You might also recall our conversation with Kathleen Colson of The BOMA Project. The BOMA Project helps women in the arid regions of Africa, primarily Northern Kenya, set up small businesses. This lifts them and their families out of extreme poverty. The BOMA Projects’ flagship program is called Rural Entrepreneur Access Project (REAP). REAP helps women to graduate from extreme poverty through for-profit entrepreneurship. Instead of giving women aid, they give them opportunity. BOMA measures the progress of these women to see if they have graduated from extreme poverty. So far, they are averaging a 94% success rate.

You can see a list of other social entrepreneurs who are taking on extreme poverty here.

Looking Ahead

For the next several months, you’ll meet social entrepreneurs who are achieving other Sustainable Development Goals (SDGs):

No Poverty, Sustainable Development Goal 1

130, Kathleen Colson, The BOMA Project | Poverty Graduation through For-Profit Entrepreneurship

Kathleen Colson is using a poverty graduation process to end extreme poverty in the face of climate change.

Over 40% of the African continent is arid land. The people who live in these regions are particularly susceptible to changes in the climate. They depend solely on livestock for their nutrition and livelihood. With climate change, sustained, severe droughts are becoming more common.

Kathleen Colson attended St. Lawrence University as a scholarship student. Her scholarship allowed her to participate in the Kenya Semester Program at the University of Nairobi. That experience deeply impacted Kathleen. After graduating, she tried working in the corporate world, but Africa kept calling to her. She returned to Africa where she started a safari company, primarily touring in East Africa. She also worked with African refugee groups in London.

She told me, “The catalyst for what I’m doing now happened in 2005 when I was invited by a friend to visit Northern Kenya, in the midst of a terrible drought. Being witness to that suffering, and seeing the impacts of a drought where 95% of the livestock are dead, the only solution is food aid, tremendous suffering and the disease that comes with it, was the catalyst that said, we’ve got to come up with better solutions.”

Before she started offering solutions, Kathleen spent two years driving around the region in long, extended visits. She listened to the women and the elders of the region to hear about their problems and the potential solutions. She tried several solutions, some of which she described as “spectacular failures.” For example, she started a livestock program and, after another severe drought, all of the livestock died.

After several failed attempts that did not have the kind of long-term impact she was hoping to have, she had an insightful conversation with an elder. He told her, “We’re spending all of this money…to send children to school, but then they’re back in the village, because there’s no jobs.”

Kathleen described her journey this way “The first part, when I was all about moral outrage, I was witness to a problem and couldn’t believe there weren’t better solutions.” Next, she “went into a place where I had to find the moral courage to tackle that problem when everyone else said it cannot be solved.” She invites others to share with her the “moral imagination to believe that we can end extreme poverty in my lifetime.” And finally, because the world is filled with hard problems that need to be solved, she believes that entrepreneurs need find “a strong moral compass” to constantly remind them of the one big problem that they are out to solve.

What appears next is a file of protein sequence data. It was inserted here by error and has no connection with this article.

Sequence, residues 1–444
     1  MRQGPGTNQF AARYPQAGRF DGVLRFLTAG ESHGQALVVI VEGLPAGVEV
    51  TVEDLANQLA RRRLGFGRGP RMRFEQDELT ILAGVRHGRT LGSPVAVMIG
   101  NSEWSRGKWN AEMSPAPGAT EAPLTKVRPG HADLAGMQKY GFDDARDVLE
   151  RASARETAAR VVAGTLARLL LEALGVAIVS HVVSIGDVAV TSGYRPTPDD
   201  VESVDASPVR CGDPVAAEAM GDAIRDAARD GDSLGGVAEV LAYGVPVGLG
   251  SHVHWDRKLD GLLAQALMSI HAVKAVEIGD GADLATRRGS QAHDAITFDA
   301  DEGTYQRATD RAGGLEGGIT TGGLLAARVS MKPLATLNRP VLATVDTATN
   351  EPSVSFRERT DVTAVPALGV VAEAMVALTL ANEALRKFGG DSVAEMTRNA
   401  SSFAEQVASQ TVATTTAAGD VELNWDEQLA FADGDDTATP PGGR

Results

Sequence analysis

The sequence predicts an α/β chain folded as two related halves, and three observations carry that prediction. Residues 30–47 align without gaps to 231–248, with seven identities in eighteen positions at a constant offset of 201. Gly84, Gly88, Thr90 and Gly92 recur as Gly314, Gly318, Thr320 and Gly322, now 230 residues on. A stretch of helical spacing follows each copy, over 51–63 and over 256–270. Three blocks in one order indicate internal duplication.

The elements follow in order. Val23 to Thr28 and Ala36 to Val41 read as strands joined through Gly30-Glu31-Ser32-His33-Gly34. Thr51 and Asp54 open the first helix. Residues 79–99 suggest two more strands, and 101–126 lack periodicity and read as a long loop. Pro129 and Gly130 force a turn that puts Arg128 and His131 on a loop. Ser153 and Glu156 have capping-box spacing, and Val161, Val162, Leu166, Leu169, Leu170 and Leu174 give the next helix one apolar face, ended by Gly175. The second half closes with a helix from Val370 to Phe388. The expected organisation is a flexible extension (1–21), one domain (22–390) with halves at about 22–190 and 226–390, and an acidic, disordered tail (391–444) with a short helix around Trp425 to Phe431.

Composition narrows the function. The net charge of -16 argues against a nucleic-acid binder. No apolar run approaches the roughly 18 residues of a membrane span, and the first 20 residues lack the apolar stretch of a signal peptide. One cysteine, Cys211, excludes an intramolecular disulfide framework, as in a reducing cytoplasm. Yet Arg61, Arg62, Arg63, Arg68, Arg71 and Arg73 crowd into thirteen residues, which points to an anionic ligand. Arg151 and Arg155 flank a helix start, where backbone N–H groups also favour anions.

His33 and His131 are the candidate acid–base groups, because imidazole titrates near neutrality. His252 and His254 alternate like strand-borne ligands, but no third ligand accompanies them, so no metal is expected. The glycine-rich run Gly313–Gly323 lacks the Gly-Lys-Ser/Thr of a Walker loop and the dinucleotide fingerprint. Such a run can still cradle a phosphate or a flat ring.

The BOMA Project helps women set up small businesses. This lifts them and their families out of extreme poverty. The BOMA Projects’ flagship program is called Rural Entrepreneur Access Project (REAP). REAP helps women to graduate from extreme poverty through for-profit entrepreneurship. Instead of giving women aid, they give them opportunity. They begin by targeting the most vulnerable women. They give these women a cash grant that they use to start a business with two other women. BOMA provides training and a local business mentor to help them to develop their business ideas. BOMA also introduces a savings program. BOMA provides ongoing training and support around topics such as family planning. At the two-year mark, BOMA measures the progress of these women to see if they have graduated from extreme poverty. So far, they are averaging a 94% success rate.

Social Entrepreneurship Quotes from Kathleen Colson

“Women and children are the ones who suffer the most when there are droughts”

[spp-tweet tweet=”‘We’re helping women start a small business and accumulate savings.’ Kathleen Colson, @BOMAProject”]

“We have seven criteria in four different areas and right now we’re graduating 94% of the women out of extreme poverty.”

“For many of these very rural, semi-nomadic villages, there’s never been any businesses before.”

[spp-tweet tweet=”‘We want this whole thing to be self-directed.’ Kathleen Colson, @BOMAProject“]

“I got to fly on a plane for the first time, and that flight was to Africa.”

“I was fortunate to have original, founding board members that let me try a lot of things.”

[spp-tweet tweet=”‘Ending poverty is about when somebody can earn an income.’ Kathleen Colson, @BOMAProject“]

“Digging wells and building schools are really good things, but they don’t end poverty.”

[spp-tweet tweet=”‘You take it back to the local people and ask them what they think. Kathleen Colson, @BOMAProject“]